PostBin. Handy debugging tool for webhooks—create a TinyURL-style URL, then see a log of any POST requests made to that address. # 21st September 2009, 11:03 pm

We experimented with different async DB approaches, but settled on synchronous at FriendFeed because generally if our DB queries were backlogging our requests, our backends couldn’t scale to the load anyway. Things that were slow enough were abstracted to separate backend services which we fetched asynchronously via the async HTTP module.

Bret Taylor # 11th September 2009, 5:31 pm

rather baffling finding: POST requests, made via the XMLHTTP object, send header and body data in separate tcp/ip packets [and therefore,] xmlhttp GET performs better when sending small amounts of data than an xmlhttp POST

Iain Lamb # 18th August 2009, 12:27 pm

PubSub-over-Webhooks with RabbitHub. RabbitMQ, the Erlang-powered AMQP message queue, is growing an HTTP interface based on webhooks and PubSubHubBub. # 1st July 2009, 8:22 pm

The Resource Expert Droid. Like the HTML Validator but for your server’s HTTP headers—extremely useful. # 25th June 2009, 10:06 am

Facebook Usernames and OpenID

Today’s launch of Facebook Usernames provides an obvious and exciting opportunity for Facebook to become an OpenID provider. Facebook have clearly demonstrated their interest in becoming the key online identity for their users, and the new usernames feature is their acknowledgement that URL-based identities are an important component of that, no doubt driven in part by Twitter making usernames trendy again.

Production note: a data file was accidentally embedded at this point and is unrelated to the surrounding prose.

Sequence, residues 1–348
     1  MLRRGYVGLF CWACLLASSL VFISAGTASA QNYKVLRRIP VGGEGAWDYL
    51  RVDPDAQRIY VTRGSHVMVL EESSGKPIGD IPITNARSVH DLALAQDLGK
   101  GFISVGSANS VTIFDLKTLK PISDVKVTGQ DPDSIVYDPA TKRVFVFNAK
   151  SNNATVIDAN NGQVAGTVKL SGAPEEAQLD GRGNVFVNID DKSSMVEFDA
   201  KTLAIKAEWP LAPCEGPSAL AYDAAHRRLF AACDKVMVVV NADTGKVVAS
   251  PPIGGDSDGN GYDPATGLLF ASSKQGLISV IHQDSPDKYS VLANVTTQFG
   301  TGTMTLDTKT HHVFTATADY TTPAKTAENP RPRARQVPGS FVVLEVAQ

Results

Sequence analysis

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Styling buttons to look like links. Nat has a neat trick for styling submit buttons to look like regular links—so there’s absolutely no excuse for using a “delete” link when you should be using a POST request. # 10th June 2009, 2:11 am

A rev=“canonical” HTTP Header. Chris Shiflett proposes optionally exposing rev=canonical information in an HTTP header, thus allowing sites to discover shorter URLs using just a HEAD request and removing the need to parse HTML. The pingback specification also uses this shortcut. # 12th April 2009, 12:33 pm

Concurrence. Exciting: a Python framework for “creating massively concurrent network applications” (the tutorial benchmarks a Hello World web server at over 8,000 requests a second). It’s implemented on top of libevent using pyrex, can run on either Stackless Python or Greenlets from the py library and ships with a WSGI server, an HTTP client and a DBAPI 2.0 compliant MySQL driver. # 15th March 2009, 1:28 pm

django-springsteen and Distributed Search. Will Larson’s Django search library currently just talks to Yahoo! BOSS, but is designed to be extensible for other external search services. Interestingly, it uses threads to fire off several HTTP requests in parallel from within the Django view. # 25th February 2009, 10:28 pm

Tokyo Cabinet: Beyond Key-Value Store. Useful overview of Yet Another Scalable Key Value Store. Interesting points: multiple backends (hash table, B-Tree, in memory, on disk), a “table” engine which enables more advanced queries, a network server that supports HTTP, memcached or its own binary protocol and the ability to extend the engine with Lua scripts. # 14th February 2009, 11:17 am